Baltimore offers $6.4 million to settle Freddie Gray case
On June 9, 2015, this mural memorializing Baltimore resident Freddie ‘Pepper’ Gray was painted on the wall near the place where he was tackled and arrested by police at the Gilmor Homes housing project in Baltimore, Md. In the wake of protests, demonstrations and riots triggered by the April 19 death of Gray, officials said the city experienced 43 murders last month, its deadliest May since 1970. People who live in Gray’s neighborhood say one of the reasons for the spike in shootings is because police have dramatically increased response time, creating an atmosphere of lawlessness in some of Baltimore’s most crime-affected areas. (Chip Somodevilla/Getty Images)
By Ian Simpson
(Reuters) – Baltimore has reached a tentative $6.4 million settlement with the family of Freddie Gray, a Black man who died from an injury sustained in police custody, city officials said on Tuesday.
The settlement with his family will be submitted to the Baltimore Board of Estimates for a vote on Wednesday, the office of Mayor Stephanie Rawlings-Blake said in a statement. She said it was not an admission of liability.
It will have no effect on the criminal trials of six officers charged with Gray’s death in April, the statement said. His death from a spinal injury sparked protests and rioting, and fueled a U.S. debate on po-lice treatment of minorities.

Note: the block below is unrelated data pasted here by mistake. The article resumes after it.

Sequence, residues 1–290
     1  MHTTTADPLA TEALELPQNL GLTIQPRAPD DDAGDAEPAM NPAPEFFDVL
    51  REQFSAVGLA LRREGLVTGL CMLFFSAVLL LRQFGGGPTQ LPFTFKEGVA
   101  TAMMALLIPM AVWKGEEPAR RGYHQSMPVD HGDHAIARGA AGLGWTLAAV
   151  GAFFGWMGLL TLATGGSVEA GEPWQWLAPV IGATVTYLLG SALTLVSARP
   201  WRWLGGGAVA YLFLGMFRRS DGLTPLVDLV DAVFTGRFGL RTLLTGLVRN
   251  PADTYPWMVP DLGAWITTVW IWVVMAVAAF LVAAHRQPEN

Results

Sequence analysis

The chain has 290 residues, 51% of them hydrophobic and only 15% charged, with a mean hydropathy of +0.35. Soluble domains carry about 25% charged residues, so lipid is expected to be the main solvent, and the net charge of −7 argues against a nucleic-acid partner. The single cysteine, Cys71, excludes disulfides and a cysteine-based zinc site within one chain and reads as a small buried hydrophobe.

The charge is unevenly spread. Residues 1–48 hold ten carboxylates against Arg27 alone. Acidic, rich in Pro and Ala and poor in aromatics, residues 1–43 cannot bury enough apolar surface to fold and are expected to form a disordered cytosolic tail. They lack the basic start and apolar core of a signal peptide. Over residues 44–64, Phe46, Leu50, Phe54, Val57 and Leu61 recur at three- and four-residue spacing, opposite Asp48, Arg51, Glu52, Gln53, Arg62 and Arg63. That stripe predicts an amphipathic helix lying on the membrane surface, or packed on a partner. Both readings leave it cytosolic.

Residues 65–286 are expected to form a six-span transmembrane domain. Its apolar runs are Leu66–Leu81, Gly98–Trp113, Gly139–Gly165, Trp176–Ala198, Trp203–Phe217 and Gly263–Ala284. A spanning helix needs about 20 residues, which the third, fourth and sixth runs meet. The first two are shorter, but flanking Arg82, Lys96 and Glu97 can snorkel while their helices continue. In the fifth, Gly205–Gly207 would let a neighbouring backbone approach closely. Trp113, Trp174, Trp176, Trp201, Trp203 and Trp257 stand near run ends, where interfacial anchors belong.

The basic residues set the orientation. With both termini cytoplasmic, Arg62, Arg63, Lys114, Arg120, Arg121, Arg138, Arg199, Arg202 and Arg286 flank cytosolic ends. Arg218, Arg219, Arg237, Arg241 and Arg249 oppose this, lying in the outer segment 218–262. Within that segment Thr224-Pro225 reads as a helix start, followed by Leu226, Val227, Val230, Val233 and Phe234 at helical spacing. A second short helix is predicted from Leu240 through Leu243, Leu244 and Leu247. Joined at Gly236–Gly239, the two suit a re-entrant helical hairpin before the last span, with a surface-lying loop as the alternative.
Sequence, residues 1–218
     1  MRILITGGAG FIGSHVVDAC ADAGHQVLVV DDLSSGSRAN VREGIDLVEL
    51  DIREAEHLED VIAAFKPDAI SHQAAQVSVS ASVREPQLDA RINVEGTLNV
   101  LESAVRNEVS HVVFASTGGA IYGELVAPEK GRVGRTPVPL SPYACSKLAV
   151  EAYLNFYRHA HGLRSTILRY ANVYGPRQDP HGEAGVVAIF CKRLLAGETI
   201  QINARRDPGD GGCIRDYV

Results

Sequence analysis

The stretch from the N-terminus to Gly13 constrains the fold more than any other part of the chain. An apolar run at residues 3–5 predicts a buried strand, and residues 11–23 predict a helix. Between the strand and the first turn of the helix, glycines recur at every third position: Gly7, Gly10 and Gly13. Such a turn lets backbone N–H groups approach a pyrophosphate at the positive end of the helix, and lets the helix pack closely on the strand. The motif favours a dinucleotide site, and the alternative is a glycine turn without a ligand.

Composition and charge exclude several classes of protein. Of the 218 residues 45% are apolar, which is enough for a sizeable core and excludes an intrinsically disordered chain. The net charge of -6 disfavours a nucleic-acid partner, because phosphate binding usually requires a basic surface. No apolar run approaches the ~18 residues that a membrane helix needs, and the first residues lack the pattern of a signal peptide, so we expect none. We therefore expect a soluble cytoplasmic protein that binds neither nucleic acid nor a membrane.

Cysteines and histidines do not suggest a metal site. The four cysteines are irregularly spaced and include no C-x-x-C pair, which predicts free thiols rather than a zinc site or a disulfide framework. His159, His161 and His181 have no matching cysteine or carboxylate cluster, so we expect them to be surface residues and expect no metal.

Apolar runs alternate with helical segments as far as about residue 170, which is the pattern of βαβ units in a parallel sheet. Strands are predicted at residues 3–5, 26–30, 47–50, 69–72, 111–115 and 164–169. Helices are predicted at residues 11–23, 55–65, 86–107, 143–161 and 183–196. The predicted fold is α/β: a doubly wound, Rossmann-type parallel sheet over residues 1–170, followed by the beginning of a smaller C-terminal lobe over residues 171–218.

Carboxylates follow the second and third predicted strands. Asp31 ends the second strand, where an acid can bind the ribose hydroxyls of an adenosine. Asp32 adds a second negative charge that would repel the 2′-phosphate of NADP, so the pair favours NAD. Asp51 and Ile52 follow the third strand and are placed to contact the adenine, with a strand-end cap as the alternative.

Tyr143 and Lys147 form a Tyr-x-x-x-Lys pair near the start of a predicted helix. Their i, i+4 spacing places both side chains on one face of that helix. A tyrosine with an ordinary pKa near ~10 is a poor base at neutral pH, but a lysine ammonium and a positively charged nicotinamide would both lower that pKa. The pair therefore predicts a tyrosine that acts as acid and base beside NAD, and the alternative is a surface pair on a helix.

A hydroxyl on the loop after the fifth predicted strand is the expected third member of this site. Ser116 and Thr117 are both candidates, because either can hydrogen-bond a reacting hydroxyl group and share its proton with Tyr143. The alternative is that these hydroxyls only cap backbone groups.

“The proposed settlement agreement going before the Board of Estimates should not be interpreted as a judgment on the guilt or innocence of the officers facing trial,” Rawlings-Blake said.
She said it would resolve any related civil claims against Baltimore in the Gray case and a-void drawn-out litigation.
Baltimore City Circuit Court Judge Barry Williams last week ordered individual trials for the officers charged in Gray’s death. The charges range from second-degree murder to assault and misconduct.
On Thursday, Williams will hold a hearing to determine whether the trial should be moved from the largely Black city of about 620,000 people because of the uproar over Gray’s death.
The Fraternal Order of Police criticized the settlement since no civil suit had been filed and said it could sour relations between officers and City Hall.
A settlement before the trials “is obscene and without regard to the fiduciary responsibility owed to the taxpaying citizens of the city,” the union said in a statement.
Officers arrested Gray, 25, on April 12 after a foot chase in crime-ridden West Baltimore. He was bundled into a transport van while in handcuffs and shackles and was not secured with a seatbelt.
Gray died a week later from a spinal injury and a medical examiner ruled the death a homicide.
The City Hall statement said Gray’s family would be paid $2.8 million in the current fiscal year and $3.6 million in the one starting July 1, 2016. The Board of Estimates controls city finances, and its five members include the mayor.
The payout would be the latest settlement by Baltimore over allegations of police brutality. Since 2011, the city has paid a total of $5.7 million in police-related court judgments and settlements, the Baltimore Sun reported last year.
(Reporting by Suzannah Gonzales in Chicago and Ian Simpson in Washington; Editing by Susan Heavey and Peter Cooney)